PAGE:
The love and support of a dog can be life changing – and no one knows that better then Shannon West and her son, Holden, of Langford.
Holden, 13, has autism, and used to sometimes struggle simply with leaving the house.
West said her son had to be held in someone’s grasp at all times.
“This meant avoiding going to any stores with him because I had to let go of his hand to pay,” she said. “We arranged all our walks for areas in which he couldn’t bolt. We arranged everything around where we could safely go with Holden.”
And random dogs would frighten Holden, sometimes causing him to scream or panic.
But that was life “before Jewel.”
Jewel, a black Labrador retriever, gives the family the power to go almost anywhere.
Jewel came into their life in January 2018 from an Autism Support Dog Team in Langford, through BC & Alberta Guide Dogs, a registered charity that breeds and trains guide dogs to help with people with vision-impairments, youth with autism and veterans or police officers with post traumatic stress disorder.
West said that when Jewel is tethered to Holden, she can trust that he will be safe.
“Animals give us a sense of calm and [Holden] was very scared of a lot of things,” she said. “She is something tangible to hold onto.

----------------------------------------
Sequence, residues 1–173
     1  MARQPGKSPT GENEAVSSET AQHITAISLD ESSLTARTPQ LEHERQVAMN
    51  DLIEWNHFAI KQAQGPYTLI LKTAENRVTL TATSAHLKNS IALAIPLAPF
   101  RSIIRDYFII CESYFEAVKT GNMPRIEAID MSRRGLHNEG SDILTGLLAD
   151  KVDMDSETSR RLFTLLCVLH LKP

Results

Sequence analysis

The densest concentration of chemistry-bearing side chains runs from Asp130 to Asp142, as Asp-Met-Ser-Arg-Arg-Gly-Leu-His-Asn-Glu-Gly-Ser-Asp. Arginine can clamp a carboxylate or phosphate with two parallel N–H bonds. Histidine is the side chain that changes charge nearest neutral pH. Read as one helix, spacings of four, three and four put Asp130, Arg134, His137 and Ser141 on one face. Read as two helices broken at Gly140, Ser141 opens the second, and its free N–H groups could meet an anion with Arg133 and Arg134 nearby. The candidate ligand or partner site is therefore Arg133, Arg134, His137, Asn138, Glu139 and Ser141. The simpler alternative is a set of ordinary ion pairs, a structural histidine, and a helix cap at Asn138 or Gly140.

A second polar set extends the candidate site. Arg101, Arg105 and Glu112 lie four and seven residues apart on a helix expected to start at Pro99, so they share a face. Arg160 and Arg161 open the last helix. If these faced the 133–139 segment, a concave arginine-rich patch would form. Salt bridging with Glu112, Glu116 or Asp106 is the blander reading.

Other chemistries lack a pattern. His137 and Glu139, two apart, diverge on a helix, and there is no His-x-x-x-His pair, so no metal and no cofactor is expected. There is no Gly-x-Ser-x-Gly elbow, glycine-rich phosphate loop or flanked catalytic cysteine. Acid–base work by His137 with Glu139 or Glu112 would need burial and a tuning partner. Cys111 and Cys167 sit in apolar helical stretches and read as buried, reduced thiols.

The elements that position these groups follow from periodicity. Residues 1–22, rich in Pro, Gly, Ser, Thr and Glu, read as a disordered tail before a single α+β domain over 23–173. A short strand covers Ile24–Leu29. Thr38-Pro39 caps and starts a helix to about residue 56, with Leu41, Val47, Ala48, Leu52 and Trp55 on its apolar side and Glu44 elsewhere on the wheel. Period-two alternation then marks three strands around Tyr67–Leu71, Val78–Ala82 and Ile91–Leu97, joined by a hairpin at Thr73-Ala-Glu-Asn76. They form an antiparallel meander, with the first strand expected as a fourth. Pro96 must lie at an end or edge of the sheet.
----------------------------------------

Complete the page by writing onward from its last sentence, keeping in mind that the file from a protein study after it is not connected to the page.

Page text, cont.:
She’s clearly not a guard dog by anyone else’s standards, but to Holden, she’s protection and security,” West said.
And Jewel has helped Holden with his confidence and independence, giving him the freedom to enjoy outings with his family.
“We can walk trails without worry that he might get very scared. It’s incredible. The first time we were out walking and some dogs ran for us, I braced myself for the screaming, but it never came. The first time.”
April is Autism Awareness Month, designated to bring awareness and acceptance of neurodiversity around the world.
West said one of the biggest misconceptions she sees is that people think Holden can’t understand what’s going on around him, because he is loud and non-verbal.
“Almost every autistic person I’ve ever met or ran into, understands every word of what’s being said around them, regardless of whether they show any outside reaction,” she said. “[Holden] has got a lot going on up there and he understands what’s going on.”
She also hopes people understand that while types of autism are wide-ranging, people just want to be treated with respect and care.
“We call it a spectrum because it really is one,” she said. “People are people – with all the same hopes, dreams, wishes, thoughts and ideas…and that is regardless of whether they are high-needs or low-needs.”
West said Jewel has helped her son gain confidence he didn’t have before, and that “he walks with his head high now.”
She said without the charity, they wouldn’t have been able to afford Jewel and her training.
“A heartfelt thank you to the charity, the donors and all the volunteers.”